ghostwriter on April 15, 2012 at 1:56 PM

Texas may have been Democratic going back to the Civil War, but Kennedy was a Catholic–and that did not sit well with Southern voters at the time. He lost Tennessee, he lost Virginia, he lost Mississippi, he lost Alabama, he lost Florida. But the larger point–the essential point is that vice presidential choices can win vital states that presidential candidates would not otherwise win. LBJ helped Kennedy win Texas and Texas would have been decisive had Joe Kennedy not purchased a win in Illinois and had Kennedy not won Hawaii by a mere 115 votes.

writeblock on April 15, 2012 at 2:14 PM

Here’s his record according to Club for Growth:

Romney’s exactly what we need in the presidency–a doer, not a Bush “team-player” like Santorum or a blowhard like Gingrich.

writeblock on April 15, 2012 at 12:38 PM

Ummmm…have you ever looked for any similar plaudits for the other (former) candidates and compared their conservatism with that of Romney? No.

As I said, that’s your beef with another commenter, not me. However, the only option then is that they accepted he had made the most liberal abortion law in the nation – at that time – the law of Califonia, not holding his actions as governor against him. Abortions in CA went from a total of 518 in 1967 to 100,000 per year during the remaining years of his two terms.

whatcat on April 15, 2012 at 1:21 PM

As I said, that was revisionism on his part. As you said, no it wasn’t. And you can’t demonstrate diddly otherwise other than throwing in a red herring.

The point is, Reagan in the mid-70s didn’t have to have a little claque running around trying constantly to convince people he was a conservative. Reagan’s ideology was unquestioned. Romney’s isn’t.

ddrintn on April 15, 2012 at 2:16 PM

Ummmm…have you ever looked for any similar plaudits for the other (former) candidates and compared their conservatism with that of Romney? No.

Yes, I have. I checked out Santorum–he’s from my state in fact. He was always big on earmarks, he enthusiastically supported big government programs such as No Child Left Behind and Bush’s Medicare Prescription Drugs initiative. What posters like you fail to appreciate is that Santorum, like Bush, is actually not a true fiscal conservative. Santorum’s strengths are in the same areas as Bush’s–on national defense and on social issues. But he’s exactly what we don’t need to be running the government this time around. Bush and Santorum were part of the problem–as was Gingrich who is ideologically all over the place. A lot of Romney-haters go around calling him a moderate and a rino whereas in truth he’s more conservative than their favorites who are actually populists who have little appreciation for free enterprise solutions and who turn first to big government to solve problems.

writeblock on April 15, 2012 at 2:43 PM

Reagan’s ideology was unquestioned. Romney’s isn’t.

ddrintn on April 15, 2012 at 2:16 PM

It’s questioned unfairly. If you can’t accept the evidence that he governed the most liberal state in the Union largely as a conservative, then you’re not reachable by logic.

writeblock on April 15, 2012 at 2:52 PM

The point is, Reagan in the mid-70s didn’t have to have a little claque running around trying constantly to convince people he was a conservative. Reagan’s ideology was unquestioned. Romney’s isn’t.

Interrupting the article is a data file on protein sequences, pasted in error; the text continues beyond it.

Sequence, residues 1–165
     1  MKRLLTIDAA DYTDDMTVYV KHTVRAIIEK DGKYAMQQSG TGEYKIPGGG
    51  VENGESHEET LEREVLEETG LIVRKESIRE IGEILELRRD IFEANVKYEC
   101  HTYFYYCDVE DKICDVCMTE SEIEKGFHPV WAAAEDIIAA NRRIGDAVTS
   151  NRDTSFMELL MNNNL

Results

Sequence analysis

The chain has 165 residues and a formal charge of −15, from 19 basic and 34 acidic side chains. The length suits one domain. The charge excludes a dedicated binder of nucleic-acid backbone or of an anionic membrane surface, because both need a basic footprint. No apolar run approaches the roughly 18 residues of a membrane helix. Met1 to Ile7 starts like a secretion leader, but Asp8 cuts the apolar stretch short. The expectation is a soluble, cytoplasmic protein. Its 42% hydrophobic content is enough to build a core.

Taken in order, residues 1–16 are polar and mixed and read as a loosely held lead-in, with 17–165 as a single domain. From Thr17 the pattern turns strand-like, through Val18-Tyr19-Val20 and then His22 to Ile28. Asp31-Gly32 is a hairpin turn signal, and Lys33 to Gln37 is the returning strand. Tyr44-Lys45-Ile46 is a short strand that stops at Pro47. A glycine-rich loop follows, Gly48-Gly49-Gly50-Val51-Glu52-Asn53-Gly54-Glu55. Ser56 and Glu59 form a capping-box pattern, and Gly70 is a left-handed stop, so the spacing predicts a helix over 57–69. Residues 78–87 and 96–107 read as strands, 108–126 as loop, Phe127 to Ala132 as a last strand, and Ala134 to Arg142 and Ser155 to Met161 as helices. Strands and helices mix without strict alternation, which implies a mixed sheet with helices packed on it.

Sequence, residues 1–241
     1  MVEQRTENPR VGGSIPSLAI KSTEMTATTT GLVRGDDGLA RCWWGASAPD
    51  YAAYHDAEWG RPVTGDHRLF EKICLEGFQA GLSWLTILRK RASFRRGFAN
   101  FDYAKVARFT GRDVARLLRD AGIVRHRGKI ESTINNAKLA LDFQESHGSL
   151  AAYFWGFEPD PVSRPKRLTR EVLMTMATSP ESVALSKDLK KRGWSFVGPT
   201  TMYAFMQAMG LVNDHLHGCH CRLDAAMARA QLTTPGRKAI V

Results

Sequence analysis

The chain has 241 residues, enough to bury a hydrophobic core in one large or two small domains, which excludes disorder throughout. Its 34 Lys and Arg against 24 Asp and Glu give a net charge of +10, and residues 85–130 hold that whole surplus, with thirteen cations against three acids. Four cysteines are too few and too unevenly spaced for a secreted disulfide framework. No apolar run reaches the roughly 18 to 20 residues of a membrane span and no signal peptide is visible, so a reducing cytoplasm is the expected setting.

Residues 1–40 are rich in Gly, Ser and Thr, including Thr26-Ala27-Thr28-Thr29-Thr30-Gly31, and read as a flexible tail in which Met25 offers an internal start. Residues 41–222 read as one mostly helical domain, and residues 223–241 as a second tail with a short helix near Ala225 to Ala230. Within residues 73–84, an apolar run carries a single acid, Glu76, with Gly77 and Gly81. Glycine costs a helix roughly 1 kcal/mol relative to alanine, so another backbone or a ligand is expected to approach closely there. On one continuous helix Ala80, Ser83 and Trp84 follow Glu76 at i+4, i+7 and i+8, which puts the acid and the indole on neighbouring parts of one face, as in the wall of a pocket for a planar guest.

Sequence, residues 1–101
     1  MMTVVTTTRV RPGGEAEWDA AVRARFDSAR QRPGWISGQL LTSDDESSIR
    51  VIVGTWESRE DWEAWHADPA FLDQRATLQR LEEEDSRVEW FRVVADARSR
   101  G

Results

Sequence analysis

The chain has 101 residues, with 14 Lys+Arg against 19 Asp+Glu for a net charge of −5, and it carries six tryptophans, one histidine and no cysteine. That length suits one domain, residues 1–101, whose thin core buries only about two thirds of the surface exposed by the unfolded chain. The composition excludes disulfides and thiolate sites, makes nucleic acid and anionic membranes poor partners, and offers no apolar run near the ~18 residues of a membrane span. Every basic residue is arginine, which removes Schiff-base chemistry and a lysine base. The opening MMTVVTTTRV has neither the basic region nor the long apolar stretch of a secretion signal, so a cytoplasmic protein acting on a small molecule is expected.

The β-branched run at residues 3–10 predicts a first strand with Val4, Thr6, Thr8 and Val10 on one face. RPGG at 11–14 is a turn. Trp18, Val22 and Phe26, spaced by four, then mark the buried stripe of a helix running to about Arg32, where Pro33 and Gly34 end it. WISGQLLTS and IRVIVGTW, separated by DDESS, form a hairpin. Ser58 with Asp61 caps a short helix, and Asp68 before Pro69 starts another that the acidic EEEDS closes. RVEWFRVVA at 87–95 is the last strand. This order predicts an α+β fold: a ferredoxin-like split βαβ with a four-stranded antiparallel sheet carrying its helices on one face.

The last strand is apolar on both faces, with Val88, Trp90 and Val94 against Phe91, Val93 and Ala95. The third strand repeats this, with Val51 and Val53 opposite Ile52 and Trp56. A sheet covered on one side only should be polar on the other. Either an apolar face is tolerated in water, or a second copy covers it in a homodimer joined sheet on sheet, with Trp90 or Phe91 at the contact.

ddrintn on April 15, 2012 at 2:16 PM

That is not true..there were people who doubted Reagan’s conservatism in the mid 70s…after all, there were times as Governor of California that he was known to compromise and take positions that some people were not happy about.

But then some people are never happy.

I think the truth is that Romney could govern as a conservative President and there would still be people who question his ideology..they will never give him the benefit of the doubt and they will always hold him to a different standard than they would most candidates. They like it that way..

Terrye on April 15, 2012 at 2:55 PM

Tina, Maybe Rubio does not want to be VP because he is not an egomaniac and he thinks he is not ready yet for national office. The fact that he does not want to run, does not have to mean that he thinks Romney will lose.

He has said all along before we even knew who the nominee would be that he was not interested in being VP. He always made that plain. So, I take him at his word, he is not interested in the job. Why speculate beyond that?

Terrye on April 15, 2012 at 2:57 PM

Yes, I have. I checked out Santorum–he’s from my state in fact. He was always big on earmarks, he enthusiastically supported big government programs such as No Child Left Behind and Bush’s Medicare Prescription Drugs initiative.

writeblock on April 15, 2012 at 2:43 PM

So did Romney. At least Santorum didn’t have a massive state health care program bearing his name.

It’s questioned unfairly. If you can’t accept the evidence that he governed the most liberal state in the Union largely as a conservative, then you’re not reachable by logic.

writeblock on April 15, 2012 at 2:52 PM

But the point is, it’s questioned. And it’s questioned for a reason. There wasn’t any question as to where Reagan stood.

ddrintn on April 15, 2012 at 3:04 PM

That is not true..there were people who doubted Reagan’s conservatism in the mid 70s…

Terrye on April 15, 2012 at 2:55 PM

Like who? Do you have any references to share?

ddrintn on April 15, 2012 at 3:06 PM

That is not true..there were people who doubted Reagan’s conservatism in the mid 70s…

Terrye on April 15, 2012 at 2:55 PM

Like who? Do you have any references to share?

ddrintn on April 15, 2012 at 3:06 PM

http://news.google.com/newspapers?nid=1891&dat=19831216&id=P6UfAAAAIBAJ&sjid=OdYEAAAAIBAJ&pg=2969,2813692

ghostwriter on April 15, 2012 at 3:32 PM

That is not true..there were people who doubted Reagan’s conservatism in the mid 70s…